Instead of any of these, Damadez improvised. He reached behind Akemuz’s head and undid the fastenings on her mask. The mask fell to the floor, and the healer woman fell to her knees, covered her face, and wept, her sobs entirely human.
Art has two lovers: one is Lies and the other is Truth.
The spell that held us captive to the play was broken for all of us, but it was the robber chief who recovered his wits first. He rushed to his mother and embraced her where she knelt on the floor.
“Don’t fear,” he said. “I’ll get us out of here. Didn’t I get us out of the city when Father declared our lives forfeit?”
I don’t know much of life in cities, but I know there’s only one man in them with the power to decree a citizen worthy of death without first bringing them before the judges. So the robber chief was the exiled son of a king! If he’d told me himself, earlier, I would’ve been sure it was a foolish boast, but now it seemed perfectly natural. It was the twist from the second act of a play, and weren’t we in a play?
“I’m not afraid.” The healer woman’s voice was thick with tears. “It only seemed–I felt it was only yesterday he killed Zlya.”
“Oh,” said the robber chief with a stricken look.
His mother’s hands tightened on his arm. “She never broke her oath. I know she didn’t. It was some villain–some villain of a man, or else some villain of a god–”
Her son looked nervously up at our godly host, perhaps to see if he would take offense, but Damadez simply looked on impassively.
“She’s here,” the healer woman went on. “She must be. Zlya–and the child–”
Now the robber chief grew alarmed and shook his mother gently as if to rouse her from a dream. “Oh, Mother, no. You can’t think of that.”
The healer woman gave no answer, but dried her tears and let her son raise her to her feet. He held her for a moment more, then, bowing low, approached the god.
“Silent Damadez, lord of the dark lands, I thank you, on behalf of my people and our guests, for your hospitality. But as you can see, we are no shades, but living men and women, and we came to your realm by accident.”
I had never seen, in our brief acquaintance, the robber chief exert the full force of his courtesy. It was a powerful thing. Damadez shrugged, as well he might. There are many, after all, who come to his realm by accident.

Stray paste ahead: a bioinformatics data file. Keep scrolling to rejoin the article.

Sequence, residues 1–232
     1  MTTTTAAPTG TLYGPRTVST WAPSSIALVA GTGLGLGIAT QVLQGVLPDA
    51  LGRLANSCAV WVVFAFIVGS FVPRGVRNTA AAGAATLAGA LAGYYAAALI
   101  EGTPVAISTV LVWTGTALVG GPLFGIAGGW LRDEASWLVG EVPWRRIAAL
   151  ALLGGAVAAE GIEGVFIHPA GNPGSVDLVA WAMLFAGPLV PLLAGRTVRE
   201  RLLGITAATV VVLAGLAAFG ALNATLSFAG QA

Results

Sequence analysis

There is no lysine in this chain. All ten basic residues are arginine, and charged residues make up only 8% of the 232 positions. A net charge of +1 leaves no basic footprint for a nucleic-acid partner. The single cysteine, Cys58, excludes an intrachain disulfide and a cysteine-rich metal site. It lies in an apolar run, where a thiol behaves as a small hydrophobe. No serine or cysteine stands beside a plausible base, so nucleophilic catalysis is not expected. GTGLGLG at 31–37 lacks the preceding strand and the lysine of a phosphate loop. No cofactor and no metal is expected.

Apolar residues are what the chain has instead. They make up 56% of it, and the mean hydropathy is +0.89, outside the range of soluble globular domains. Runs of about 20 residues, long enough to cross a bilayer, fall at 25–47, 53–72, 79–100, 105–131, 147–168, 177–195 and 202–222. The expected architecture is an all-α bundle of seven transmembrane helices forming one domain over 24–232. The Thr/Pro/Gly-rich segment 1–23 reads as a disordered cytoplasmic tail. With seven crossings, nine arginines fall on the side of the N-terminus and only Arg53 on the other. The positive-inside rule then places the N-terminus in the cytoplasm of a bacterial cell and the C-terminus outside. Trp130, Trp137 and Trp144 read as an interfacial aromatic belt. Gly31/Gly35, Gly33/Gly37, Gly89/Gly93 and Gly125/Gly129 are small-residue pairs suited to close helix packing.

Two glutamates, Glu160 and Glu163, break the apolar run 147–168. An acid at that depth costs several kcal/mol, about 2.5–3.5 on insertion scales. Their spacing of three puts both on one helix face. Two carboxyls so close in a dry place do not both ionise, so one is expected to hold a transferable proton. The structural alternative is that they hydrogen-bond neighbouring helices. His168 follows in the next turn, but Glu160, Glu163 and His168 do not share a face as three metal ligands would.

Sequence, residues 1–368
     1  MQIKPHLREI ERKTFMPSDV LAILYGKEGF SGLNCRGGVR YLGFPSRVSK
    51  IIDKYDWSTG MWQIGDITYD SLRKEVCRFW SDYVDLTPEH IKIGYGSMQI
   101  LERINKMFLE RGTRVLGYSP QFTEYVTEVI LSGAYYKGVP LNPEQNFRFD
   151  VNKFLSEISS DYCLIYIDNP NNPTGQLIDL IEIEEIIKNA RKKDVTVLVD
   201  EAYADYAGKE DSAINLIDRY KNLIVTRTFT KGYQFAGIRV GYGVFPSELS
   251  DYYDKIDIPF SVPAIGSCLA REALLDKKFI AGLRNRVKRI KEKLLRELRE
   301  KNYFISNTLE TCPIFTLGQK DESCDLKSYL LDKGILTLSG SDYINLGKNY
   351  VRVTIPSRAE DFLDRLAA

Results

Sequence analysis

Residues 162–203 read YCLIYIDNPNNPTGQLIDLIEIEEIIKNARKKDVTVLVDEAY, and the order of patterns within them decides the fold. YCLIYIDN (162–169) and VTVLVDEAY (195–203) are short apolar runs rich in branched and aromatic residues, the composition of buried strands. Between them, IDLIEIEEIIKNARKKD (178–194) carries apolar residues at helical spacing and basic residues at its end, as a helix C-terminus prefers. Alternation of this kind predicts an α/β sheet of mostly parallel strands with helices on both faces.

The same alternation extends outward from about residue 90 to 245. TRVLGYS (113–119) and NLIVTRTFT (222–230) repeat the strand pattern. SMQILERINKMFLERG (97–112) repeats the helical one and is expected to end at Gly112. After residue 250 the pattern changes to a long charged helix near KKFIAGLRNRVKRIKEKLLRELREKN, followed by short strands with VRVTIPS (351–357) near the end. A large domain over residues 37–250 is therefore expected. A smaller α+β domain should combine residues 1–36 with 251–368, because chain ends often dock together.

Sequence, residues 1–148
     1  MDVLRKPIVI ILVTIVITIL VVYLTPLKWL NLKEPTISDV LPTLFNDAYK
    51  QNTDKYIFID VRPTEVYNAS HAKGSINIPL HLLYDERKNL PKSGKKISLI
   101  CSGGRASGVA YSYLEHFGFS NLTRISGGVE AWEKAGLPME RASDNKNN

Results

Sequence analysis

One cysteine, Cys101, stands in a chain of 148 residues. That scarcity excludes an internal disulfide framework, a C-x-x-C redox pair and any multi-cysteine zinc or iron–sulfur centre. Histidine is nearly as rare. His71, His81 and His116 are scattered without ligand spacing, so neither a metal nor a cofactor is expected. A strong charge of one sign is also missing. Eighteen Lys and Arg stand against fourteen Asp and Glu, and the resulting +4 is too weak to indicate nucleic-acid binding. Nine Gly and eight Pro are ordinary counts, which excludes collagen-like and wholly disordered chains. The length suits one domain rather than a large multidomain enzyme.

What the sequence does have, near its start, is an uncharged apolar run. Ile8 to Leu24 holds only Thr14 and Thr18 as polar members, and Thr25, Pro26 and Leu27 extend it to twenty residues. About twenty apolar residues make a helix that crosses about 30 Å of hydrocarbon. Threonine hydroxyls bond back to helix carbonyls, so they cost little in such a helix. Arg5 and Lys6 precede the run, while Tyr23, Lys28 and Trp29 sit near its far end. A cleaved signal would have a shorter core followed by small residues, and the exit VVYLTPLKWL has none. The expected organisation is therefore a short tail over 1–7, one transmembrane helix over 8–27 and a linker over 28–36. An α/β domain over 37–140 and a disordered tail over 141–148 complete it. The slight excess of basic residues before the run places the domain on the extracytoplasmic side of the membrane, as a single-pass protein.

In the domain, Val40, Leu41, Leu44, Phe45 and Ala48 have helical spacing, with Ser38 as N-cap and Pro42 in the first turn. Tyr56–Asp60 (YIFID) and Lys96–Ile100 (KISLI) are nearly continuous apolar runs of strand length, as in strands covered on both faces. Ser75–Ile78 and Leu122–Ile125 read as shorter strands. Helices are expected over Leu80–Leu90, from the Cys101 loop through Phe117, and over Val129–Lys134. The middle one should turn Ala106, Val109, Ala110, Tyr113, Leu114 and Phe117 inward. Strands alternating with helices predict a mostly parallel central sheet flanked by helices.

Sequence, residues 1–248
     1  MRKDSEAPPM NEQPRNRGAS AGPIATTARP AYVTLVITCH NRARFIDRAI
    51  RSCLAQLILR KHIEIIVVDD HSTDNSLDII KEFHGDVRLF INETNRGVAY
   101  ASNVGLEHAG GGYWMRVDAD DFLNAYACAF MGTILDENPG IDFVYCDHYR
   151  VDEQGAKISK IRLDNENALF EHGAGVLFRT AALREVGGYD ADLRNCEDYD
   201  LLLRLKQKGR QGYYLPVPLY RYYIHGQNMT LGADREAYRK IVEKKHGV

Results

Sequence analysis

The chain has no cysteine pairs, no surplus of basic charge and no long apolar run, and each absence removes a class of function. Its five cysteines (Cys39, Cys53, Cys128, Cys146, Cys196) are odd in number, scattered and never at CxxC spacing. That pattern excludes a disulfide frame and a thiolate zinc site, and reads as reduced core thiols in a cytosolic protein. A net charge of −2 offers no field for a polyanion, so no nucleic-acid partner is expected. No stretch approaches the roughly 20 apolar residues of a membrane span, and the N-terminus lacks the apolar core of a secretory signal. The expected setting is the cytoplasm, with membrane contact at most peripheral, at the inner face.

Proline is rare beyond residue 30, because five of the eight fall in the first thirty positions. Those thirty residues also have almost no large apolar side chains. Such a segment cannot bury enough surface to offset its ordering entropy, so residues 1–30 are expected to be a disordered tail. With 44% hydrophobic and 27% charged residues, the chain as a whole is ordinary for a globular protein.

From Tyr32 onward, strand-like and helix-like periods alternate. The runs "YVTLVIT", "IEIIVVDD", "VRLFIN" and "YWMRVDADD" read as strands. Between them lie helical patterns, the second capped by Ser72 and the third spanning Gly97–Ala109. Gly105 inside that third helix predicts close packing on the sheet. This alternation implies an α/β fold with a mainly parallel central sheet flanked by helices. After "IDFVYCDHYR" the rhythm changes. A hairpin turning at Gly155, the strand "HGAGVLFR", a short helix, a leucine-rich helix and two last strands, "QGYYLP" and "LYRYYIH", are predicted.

The robber chief went on, “I am of humble station now, but I am the son of kings, and the blood of gods runs through my veins. And as we are cousins, I would presume to ask you a favor. I offer you–I offer you myself.” There was the barest hesitation before he made the offer. It was one that Akemuz makes, and Damadez accepts, in some versions of the story. It might have worked. “It was my wrongdoing that began the chain of events that led us here. Release my mother and my men, for they are guiltless in this matter, and the players, for they are my guests, and I have pledged myself to their safety.”
I was touched despite myself. It was a noble speech. Damadez extended his finger towards the robber chief, then struck himself in the chest. He swept his arm in a wide arc, finishing with an inquisitive tilt of his head.
The robber chief turned to me in confusion. “What does the god say?”
When players dance, our hands tell the story. It’s a shadow of the subtleties of Damadez’s speech, nor could I understand it all, or describe what I saw to you. But I understood enough.
“The god says, he already has you. What can you offer him that he does not possess, and will not possess in time?” As the robber chief tried to frame an answer, I bowed and addressed Damadez. “O mighty Damadez, who devours all things, no divine blood runs in my veins, but–”
At that, he held up a hand and shook his head.
“Well–regardless,” I went on, wrong-footed. “My people and I have come to your lands empty-handed, as all creatures do. And yet, there is one thing we possess that, they say, never dies: our art. I offer it to you. We will perform for you, and if it pleases you, grant us our freedom.” I glanced back at my troupe–they’d never chosen me to speak for them, but now they hung on my words. And I knew that many of them, not only Kounua, would like to leave the robbers behind in the dark lands. And yet the bandit chief stood beside me, and he’d offered himself up for us, and I could do no less for him. “Grant us all our freedom,” I said.